Making an air well

I was thinking about another fun project that draws water out of the air with just the sun's energy. I noticed the empty open vinegar bottle I washed and set to dry on my window sill accumulate more moisture every day. It was pooling water in the bottom after a week. The bottle shape is like a ball with a long spout. I read a little about air wells on the web, but they are very large structures. It would be fun to build a small one that would make a few glasses of water a day. Comments?

Here's one link Air Wells & Dew Ponds

Picture of Making an air well
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I was looking into this as a glass design graduate student in 2011. I was trying to develop a product that would collect fog, was portable and could be placed directly over crops. The design I came up with was too expensive to produce a prototype. But two years after i graduated I came up with a compromise; a car or minivan's back windshield mounted on a post using it's window wiper hole as the anchor point and turned in the opposite direction, (parabolic surface facing the wind) with some sort of gutter to collect the water and a hose to direct it towards the plants you want watered. I have yet to build one because we don't even get enough fog in SF anymore to be useful but if you do, that might work for you?

Orngrimm4 years ago
Thanks for the thread! I think the whole air-well-idea is very interesting! :)
A lot of informations about different approaches can be found on the web.
btrias4 years ago
How about a recipient with a hour-glass shape? The bottom half in the ground or insulated so the collected water is not heated again and the top half solar-heated. The question remains how to create air circulation.
adrofig7 years ago
I would try having a large bottle and a smaller bottle. Fit the small bottle inside the large one. Fill almost all of large bottle with water. Water cools slower than air so it will increase the rate of condensation. A metal cone could also be added to the smaller bottle to speed condensation. My idea was to have it put in a car and have the a/c run over the external of the reservoir to cool the water and then have it stored in the car for drinking water. If you did that it would solve bringing a water bottle in your car but then it getting warm.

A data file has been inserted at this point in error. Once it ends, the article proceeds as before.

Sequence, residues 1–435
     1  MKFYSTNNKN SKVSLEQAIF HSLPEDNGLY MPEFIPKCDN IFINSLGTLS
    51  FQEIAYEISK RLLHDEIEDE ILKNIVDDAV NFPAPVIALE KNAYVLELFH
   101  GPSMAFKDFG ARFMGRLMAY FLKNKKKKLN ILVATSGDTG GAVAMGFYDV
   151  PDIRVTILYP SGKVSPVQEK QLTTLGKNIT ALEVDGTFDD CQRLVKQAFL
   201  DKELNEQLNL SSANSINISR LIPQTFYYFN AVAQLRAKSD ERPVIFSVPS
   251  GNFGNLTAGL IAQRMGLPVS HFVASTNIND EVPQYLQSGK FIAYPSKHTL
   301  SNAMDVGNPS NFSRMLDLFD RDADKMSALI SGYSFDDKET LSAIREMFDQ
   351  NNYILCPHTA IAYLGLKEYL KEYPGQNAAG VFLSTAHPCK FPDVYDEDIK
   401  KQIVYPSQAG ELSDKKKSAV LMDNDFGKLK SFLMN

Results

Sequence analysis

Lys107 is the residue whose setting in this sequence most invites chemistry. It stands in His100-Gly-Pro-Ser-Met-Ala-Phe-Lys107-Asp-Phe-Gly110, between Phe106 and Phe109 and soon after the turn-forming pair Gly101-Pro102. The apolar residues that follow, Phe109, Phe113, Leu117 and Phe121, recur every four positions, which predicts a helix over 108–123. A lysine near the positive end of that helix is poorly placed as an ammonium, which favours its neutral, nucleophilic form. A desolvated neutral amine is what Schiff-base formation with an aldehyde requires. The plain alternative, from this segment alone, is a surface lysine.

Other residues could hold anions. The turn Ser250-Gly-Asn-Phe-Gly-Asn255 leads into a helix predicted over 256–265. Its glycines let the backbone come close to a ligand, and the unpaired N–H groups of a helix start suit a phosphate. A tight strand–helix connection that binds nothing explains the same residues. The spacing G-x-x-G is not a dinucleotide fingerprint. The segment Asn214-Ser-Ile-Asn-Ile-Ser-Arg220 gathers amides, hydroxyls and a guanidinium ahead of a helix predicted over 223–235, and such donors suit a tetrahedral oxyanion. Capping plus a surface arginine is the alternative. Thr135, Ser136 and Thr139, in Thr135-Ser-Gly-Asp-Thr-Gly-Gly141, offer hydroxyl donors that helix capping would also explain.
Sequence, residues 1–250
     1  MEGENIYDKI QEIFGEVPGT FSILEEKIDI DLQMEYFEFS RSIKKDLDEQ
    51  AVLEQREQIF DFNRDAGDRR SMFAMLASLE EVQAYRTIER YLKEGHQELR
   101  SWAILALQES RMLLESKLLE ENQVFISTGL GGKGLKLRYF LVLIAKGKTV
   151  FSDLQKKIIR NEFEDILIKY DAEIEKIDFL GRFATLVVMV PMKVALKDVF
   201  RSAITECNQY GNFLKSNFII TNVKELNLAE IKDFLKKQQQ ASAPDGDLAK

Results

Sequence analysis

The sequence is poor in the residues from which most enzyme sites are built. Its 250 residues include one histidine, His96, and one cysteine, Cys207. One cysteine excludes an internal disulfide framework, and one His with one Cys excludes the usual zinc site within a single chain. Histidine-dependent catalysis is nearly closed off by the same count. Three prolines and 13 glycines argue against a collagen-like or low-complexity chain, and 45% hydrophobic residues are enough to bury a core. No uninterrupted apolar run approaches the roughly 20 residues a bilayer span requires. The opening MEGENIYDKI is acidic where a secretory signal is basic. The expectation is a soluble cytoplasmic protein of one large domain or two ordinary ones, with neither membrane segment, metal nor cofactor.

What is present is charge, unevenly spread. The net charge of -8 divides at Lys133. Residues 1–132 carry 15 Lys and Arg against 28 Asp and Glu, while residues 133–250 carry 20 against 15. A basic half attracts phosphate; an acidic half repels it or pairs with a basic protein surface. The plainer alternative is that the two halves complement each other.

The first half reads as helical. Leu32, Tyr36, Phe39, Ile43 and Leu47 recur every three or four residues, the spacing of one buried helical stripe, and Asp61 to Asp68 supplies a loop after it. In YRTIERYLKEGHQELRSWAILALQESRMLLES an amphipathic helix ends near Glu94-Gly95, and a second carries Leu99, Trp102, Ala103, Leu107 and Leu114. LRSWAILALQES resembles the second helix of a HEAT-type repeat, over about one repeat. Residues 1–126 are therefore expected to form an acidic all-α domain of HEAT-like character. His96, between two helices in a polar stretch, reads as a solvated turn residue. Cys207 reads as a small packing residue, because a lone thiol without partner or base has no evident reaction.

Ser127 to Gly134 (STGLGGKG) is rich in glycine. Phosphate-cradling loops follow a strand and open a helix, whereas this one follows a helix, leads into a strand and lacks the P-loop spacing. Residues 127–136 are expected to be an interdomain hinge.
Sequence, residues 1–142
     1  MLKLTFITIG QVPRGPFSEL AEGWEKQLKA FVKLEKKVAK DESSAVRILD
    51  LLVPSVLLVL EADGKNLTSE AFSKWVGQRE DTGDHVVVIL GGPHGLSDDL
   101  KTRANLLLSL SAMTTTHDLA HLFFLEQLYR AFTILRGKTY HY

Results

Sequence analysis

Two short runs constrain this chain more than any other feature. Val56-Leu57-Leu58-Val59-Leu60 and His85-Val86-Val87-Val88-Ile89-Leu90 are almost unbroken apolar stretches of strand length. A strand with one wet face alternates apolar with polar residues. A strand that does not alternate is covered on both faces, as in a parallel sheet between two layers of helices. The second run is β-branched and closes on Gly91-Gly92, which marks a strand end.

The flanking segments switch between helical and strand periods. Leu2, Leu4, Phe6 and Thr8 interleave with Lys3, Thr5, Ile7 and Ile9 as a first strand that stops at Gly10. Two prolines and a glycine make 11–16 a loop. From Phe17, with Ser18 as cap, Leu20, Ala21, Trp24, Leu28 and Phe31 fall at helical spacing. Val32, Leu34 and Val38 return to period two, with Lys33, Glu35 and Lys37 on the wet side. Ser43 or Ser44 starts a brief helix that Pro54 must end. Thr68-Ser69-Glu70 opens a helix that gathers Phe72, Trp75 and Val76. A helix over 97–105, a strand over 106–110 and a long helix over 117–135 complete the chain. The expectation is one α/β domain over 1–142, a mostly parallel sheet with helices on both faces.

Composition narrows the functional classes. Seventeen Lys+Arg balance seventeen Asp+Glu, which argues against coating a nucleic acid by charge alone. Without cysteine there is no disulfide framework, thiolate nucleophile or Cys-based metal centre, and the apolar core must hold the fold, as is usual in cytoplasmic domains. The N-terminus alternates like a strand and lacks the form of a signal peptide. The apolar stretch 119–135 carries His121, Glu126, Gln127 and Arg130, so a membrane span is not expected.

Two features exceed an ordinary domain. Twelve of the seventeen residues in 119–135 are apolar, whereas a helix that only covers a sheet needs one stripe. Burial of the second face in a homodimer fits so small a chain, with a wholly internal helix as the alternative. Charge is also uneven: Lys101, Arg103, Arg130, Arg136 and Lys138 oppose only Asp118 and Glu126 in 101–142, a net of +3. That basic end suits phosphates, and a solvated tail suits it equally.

jjmmjj8 years ago
See the Wikipedia article:
Let's try that again. See the Wikipedia article on air wells, its full title is:Air well (condenser).
I think existing airwells work by two principles. One type takes advantage of seasonal temperature differences; summer vrs winter. This type works by cycling the surface air thru pipes or rooms underground. The other "standard" type takes advantage of the difference in day/night temperatures. The salad dressing bottle appears to be functioning as this type of airwell. Dew on the windshield and "bridges may be icy" are examples of this type of air well. I suspect that "dew ponds" work on this principle. Dew ponds have a long history, perhaps dating back to the Neolithic. In "Naturalist on the Thames" the author described a dew pond that produced upwards of five acre-feet of water a year... unfortunately he didn't give the dimensions of the pond. Russell's "improved dew reservoir" is 900 square-feet and five feet deep; deep enough that it may work on the summer/winter temperature differential instead of the day/night temperature differential. Either way, it only produces a tenth the water recorded by Cornish in "Naturalist on the Thames".
robbtoberfest (author)  airwelldriller8 years ago
Awesome info, Thanks! I still have this project on my list and plan to do an instructable on it someday.
trebuchet0310 years ago
I came across this a few weeks ago....

Water Cone

Compact and lightweight - I think they can be stacked and I'll bet you can get higher efficiency if you insulate the bottom pan :) If I were to make one, this is the design I'd try to replicate :P

1-1.7L per 24 hours. That's 4+ to 7+ glasses per day :)
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